This is disgusting.
    Central Valley Meat should be fined and shut down for good, the abusers imprisoned (and/or deported), and T.Vilasack booted out by Obama for someone who is competent and ethical- and can actually put frequent and unannounced inspections in place to ensure that all animals in this country are treated humanely.
    Its bad enough that the barbaric industry of factory farming is even legal in this country, in this time.

  • Ted

    USDA needs a refresher course in best practices. Here’s Temple Grandin on the topic:
    USDA also needs adult supervision to do the right thing. Thank goodness 3 congressmen stepped up to force USDA to reopen this plant.
    United States Department of Agriculture needs a name change to something more appropriate….Department of Cringing Anti-agriculture Toadies, maybe? We need to fire most of them with a new farm bill.

  • Minkpuppy

    Where in this article does it say those 3 idiot congressmen had anything to do with the reopening of the plant? It doesn’t, because they didn’t.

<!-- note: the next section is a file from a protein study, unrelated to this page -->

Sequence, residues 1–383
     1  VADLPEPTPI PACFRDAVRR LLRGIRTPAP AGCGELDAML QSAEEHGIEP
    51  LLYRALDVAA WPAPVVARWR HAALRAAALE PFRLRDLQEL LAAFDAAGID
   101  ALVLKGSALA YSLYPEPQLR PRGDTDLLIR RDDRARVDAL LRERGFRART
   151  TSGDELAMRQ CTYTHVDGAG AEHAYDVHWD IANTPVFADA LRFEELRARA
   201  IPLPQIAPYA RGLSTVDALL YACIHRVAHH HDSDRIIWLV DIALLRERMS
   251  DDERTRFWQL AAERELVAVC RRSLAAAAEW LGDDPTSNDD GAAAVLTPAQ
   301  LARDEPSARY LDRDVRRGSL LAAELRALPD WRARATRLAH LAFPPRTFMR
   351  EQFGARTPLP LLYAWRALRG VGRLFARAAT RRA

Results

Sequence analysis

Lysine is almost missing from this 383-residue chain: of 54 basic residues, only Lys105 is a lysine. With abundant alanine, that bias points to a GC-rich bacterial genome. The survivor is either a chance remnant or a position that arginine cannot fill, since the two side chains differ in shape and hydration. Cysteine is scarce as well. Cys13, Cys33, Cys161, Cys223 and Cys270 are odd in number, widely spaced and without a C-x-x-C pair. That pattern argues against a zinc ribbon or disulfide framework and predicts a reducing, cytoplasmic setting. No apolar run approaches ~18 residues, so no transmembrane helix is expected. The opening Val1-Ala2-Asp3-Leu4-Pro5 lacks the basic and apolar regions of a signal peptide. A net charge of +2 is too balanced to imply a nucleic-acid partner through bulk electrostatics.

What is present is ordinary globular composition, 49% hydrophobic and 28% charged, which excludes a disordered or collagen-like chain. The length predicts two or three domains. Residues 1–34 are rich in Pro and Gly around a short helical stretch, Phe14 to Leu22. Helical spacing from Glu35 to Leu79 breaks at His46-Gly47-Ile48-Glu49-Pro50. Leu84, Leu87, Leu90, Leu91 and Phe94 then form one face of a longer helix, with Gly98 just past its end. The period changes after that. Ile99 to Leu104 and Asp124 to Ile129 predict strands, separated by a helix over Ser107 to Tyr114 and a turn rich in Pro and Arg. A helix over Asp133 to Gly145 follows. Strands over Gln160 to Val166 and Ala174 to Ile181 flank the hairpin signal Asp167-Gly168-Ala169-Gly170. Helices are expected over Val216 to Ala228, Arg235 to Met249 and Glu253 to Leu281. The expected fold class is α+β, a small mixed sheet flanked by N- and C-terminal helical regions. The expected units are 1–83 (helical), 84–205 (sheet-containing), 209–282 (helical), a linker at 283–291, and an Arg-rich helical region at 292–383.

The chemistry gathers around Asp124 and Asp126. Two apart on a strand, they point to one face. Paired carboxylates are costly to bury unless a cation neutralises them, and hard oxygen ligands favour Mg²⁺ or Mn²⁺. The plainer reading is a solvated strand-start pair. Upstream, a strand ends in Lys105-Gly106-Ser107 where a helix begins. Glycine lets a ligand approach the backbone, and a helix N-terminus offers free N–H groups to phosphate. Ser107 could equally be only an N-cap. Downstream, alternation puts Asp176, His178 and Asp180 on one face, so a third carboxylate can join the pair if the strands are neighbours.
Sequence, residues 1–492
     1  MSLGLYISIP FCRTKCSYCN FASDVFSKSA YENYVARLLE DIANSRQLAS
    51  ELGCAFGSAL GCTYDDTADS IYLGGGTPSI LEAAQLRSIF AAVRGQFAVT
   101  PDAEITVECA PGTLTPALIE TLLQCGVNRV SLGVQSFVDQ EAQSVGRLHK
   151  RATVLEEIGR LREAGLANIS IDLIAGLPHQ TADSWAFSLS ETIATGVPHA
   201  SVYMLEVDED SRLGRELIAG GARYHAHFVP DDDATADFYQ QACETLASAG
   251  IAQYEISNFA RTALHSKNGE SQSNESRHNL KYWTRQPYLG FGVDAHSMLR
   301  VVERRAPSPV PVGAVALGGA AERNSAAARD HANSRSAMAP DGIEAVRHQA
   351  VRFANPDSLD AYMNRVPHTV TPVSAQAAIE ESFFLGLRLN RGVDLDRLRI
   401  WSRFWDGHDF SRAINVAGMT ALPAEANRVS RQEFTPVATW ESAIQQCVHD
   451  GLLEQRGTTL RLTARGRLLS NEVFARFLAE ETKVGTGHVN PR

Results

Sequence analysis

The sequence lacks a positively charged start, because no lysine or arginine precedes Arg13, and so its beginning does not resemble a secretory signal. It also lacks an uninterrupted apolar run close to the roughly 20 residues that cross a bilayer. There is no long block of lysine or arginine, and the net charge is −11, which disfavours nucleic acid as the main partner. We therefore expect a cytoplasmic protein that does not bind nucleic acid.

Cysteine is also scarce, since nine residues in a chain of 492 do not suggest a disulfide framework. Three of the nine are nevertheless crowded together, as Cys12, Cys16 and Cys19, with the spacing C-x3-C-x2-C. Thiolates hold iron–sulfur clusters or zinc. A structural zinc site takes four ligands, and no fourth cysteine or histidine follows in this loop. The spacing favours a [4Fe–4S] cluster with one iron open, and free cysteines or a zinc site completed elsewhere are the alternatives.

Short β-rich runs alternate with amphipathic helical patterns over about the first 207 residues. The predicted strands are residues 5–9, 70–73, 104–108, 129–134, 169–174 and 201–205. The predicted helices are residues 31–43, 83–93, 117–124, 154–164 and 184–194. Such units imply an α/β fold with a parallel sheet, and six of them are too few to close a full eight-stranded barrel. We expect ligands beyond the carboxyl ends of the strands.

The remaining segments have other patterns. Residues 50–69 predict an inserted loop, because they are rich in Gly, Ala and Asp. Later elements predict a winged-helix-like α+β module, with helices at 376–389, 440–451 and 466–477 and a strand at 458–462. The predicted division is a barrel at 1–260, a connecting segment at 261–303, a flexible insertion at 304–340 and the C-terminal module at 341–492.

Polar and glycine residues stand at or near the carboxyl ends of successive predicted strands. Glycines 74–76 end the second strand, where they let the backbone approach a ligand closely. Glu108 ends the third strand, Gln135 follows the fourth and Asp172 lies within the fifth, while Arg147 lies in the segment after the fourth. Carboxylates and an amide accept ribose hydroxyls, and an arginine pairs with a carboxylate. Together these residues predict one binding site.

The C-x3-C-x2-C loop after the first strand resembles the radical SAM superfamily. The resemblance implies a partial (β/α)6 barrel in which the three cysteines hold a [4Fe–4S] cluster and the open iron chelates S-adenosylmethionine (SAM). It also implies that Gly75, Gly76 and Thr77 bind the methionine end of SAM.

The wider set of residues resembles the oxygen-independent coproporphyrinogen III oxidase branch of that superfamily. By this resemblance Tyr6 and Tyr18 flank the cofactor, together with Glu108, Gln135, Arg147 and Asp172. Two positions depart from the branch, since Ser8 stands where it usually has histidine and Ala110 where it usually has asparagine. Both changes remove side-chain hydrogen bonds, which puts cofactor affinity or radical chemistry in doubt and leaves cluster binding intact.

(No offense, BTW-I think all of our congressmen are idiots and am praying desperately for the American public to see the light and abolish the 2 party system as it only benefits the politicians. I can dream can’t I?)
    The timeframe between suspension and resumption of processing here is pretty typical. Sometimes it’s less and sometimes its longer. Depends on how bad the violations are and how much work on the physical plant has to done to get back into compliance. Some are back in business in less than 24 hours and some are out of it for weeks (especially if they don’t want to make corrections).
    This is how it works with no exceptions: The plant was asked to provide corrective actions by a certain date and they did. They were allowed to reopen based on that, not some buttinsky congressmen and some readers that failed to see that the company was violating the Humane Slaughter Act. The USDA will shut them down again if they fail to implement the corrective actions. Congressmen be damned. They have to follow the letter of the law regardless of what some dingbat politician wants or thinks.